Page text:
Only small steps in the right direction have been taken in the past few years. One was the designation of cancer as a notifiable disease. This decision removes the reservations related to patient confidentiality that caused many private medical institutions to abandon reporting of cancers in the past. Together with a functional cancer registry, more accurate measurement of the effect of malignant disease on population health and of the effectiveness of any preventive or curative interventions should now be possible. The establishment of a Ministerial Advisory Committee on the prevention and control of cancer in 2012 is another positive step. The national cancer control programme, however, is still awaiting funding.

Nigeria

With a population of 170 123 740, Nigeria is the most populous country in Africa and the seventh most populous in the world.24 Gross national income per head in 2012 was US$2700 (at purchasing power parity).24 According to GLOBOCAN data,1 almost 102 000 new cases of cancer occur annually in the country, and 75 000 deaths per year are caused by malignant disease. 5-year prevalence in the adult population is roughly 223 000.

No nationwide, population-based cancer registry exists, but data provided by some smaller population-based and hospital-based registries can be used to estimate the national burden of cancer. These data suggest that the cancer incidence is increasing.25 For example, the Ibadan Cancer Registry recorded 1093 cases in 2001, with a steady increase to 1576 by 2005. Because of a disproportionately high burden of infectious diseases, Nigeria is among those countries that face the challenge of the so-called double burden of communicable and non-communicable diseases.

A national cancer control plan was developed in 2008,26 and represents a bold attempt to bring attention to the challenge of cancer in the country and to chart a path to address it. The overall vision is of a collaboration of all stakeholders to reduce the morbidity and mortality from cancer and its socioeconomic effect on the community, and to improve the health and quality of life of people living with cancer. Cancers of the breast, cervix, liver, prostate, colorectum, and skin, as well as leukaemias and retinoblastoma, are identified as priorities in the plan, with clearly articulated goals for the control of each. Although these goals do generally follow the guidelines for cancer control programmes set by WHO, they omit the control of risk factors for cancer. Within the framework of the national cancer control plan, the Federal Ministry of Health established a cervical cancer control plan.27 The plan adopted visual inspection with acetic acid and visual inspection with Lugol's iodine for screening, and human papillomavirus (HPV) vaccination for primary prevention in girls aged 9—15 years.

The process by which the goals of the national cancer control plan are to be achieved have not been defined. The implementation unit is referred to as the cancer control desk, which does not have the necessary funding or personnel to function as needed. Defined measures to fight cancer are not mentioned in the country's strategic health development plan for 2010—15.28 To succeed in the control of malignant disease, Nigeria needs a cancer control department that is fully empowered and adequately funded.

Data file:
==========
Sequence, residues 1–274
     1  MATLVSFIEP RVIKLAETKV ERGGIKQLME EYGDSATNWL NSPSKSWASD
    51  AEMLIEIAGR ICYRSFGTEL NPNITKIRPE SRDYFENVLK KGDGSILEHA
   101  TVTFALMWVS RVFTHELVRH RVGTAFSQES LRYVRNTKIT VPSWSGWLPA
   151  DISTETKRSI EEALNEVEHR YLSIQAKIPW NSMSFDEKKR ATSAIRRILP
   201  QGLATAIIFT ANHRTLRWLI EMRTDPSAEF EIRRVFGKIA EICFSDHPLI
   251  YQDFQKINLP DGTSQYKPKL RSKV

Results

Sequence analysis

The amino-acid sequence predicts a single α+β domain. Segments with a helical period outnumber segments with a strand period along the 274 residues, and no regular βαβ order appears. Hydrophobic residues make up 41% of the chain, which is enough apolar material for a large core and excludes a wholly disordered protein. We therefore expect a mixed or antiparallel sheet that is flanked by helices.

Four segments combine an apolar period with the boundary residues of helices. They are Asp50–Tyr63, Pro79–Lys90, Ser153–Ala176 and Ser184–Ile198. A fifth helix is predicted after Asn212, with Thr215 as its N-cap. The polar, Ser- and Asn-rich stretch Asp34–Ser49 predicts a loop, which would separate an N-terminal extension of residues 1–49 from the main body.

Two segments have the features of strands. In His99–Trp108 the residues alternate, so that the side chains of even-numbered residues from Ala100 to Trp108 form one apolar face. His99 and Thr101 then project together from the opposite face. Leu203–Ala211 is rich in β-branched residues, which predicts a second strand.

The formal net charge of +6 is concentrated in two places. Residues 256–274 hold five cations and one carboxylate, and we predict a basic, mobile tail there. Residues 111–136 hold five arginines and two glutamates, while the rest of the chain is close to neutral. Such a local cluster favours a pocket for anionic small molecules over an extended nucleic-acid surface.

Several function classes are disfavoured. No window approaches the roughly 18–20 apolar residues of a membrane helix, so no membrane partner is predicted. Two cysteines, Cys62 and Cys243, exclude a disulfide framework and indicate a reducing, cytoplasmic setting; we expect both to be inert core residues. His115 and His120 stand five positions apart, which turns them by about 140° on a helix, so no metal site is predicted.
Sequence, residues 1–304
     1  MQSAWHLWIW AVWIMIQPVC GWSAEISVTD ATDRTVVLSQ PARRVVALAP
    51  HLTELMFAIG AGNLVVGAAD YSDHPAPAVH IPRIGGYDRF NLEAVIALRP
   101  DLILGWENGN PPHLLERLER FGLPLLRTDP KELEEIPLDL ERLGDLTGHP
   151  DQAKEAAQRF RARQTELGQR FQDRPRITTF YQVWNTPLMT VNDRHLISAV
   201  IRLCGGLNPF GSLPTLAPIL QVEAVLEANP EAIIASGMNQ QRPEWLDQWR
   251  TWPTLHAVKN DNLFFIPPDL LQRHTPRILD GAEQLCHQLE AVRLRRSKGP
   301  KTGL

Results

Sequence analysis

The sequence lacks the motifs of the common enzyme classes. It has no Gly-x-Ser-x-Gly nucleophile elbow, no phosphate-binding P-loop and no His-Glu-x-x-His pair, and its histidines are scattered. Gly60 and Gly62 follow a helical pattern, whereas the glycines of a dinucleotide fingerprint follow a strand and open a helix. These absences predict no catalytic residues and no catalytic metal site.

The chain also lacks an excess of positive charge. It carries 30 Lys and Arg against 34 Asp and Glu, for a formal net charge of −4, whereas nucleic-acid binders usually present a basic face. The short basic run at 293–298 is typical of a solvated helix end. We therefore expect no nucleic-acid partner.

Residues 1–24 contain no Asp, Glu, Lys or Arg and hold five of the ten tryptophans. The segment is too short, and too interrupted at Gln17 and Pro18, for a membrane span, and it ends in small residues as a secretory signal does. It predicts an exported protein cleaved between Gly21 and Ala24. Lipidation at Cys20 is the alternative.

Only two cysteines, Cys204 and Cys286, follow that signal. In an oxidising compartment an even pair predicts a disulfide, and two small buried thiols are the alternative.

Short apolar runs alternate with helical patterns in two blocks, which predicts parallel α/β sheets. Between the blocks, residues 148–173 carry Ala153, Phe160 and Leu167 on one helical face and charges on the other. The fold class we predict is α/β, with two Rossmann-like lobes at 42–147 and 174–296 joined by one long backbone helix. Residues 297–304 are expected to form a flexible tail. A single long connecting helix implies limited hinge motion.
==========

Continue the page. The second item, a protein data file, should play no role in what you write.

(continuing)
Egypt

Egypt is classified as a lower-middle-income country; however, characteristics of high-income, middle-income, and low-income countries coexist. In 2011, the population was 83 million and life expectancy at birth was 73 years.29 Cancer and cardiovascular diseases are the main components of the non-communicable disease burden. Preceded by a registry for the governorate of Gharbia, the National Cancer Registry Program of Egypt was established in 2007.30, 31 The country is now covered by a network of population-based registries that contribute data to the national cancer registry.

About 68 800 new cancer cases occur per year.1 Most common in men are cancers of the liver (mostly related to hepatitis C virus), bladder (although incidence is decreasing because of improved control of schistosomiasis), non-Hodgkin lymphoma and leukaemia, and cancers of the lung, prostate, brain and nervous tissue, and colorectum. For women, most common are cancers of the breast, liver, non-Hodgkin lymphoma and leukaemia, and cancers of the ovary, uterine body, bladder, colorectum, and uterine cervix.30, 31

Egypt has more facilities for cancer treatment than any other country in Africa; however, many elements of cancer control strategy still need to be implemented or improved.32 Cancer management facilities include the Egyptian National Cancer Institute (part of Cairo University); 14 clinical oncology departments in the other public universities; nine cancer centres affiliated to the Ministry of Health; 11 military cancer units that treat both civilian and military patients; oncology clinics at the hospitals run by the Egyptian Health Insurance Organization in most major cities; semi-private, NGO-operated cancer facilities; a charity-run Centre of Excellence of Paediatric Oncology in Cairo; and private-sector clinics and centres. In addition to surgery, most of these facilities have chemotherapy and radiotherapy capabilities (either linear accelerators or cobalt-60 units). Most centres have CT scanners and MRI machines, and the country has five PET-CT scanners. More than 1500 Egyptians have postgraduate qualifications in clinical and medical oncology.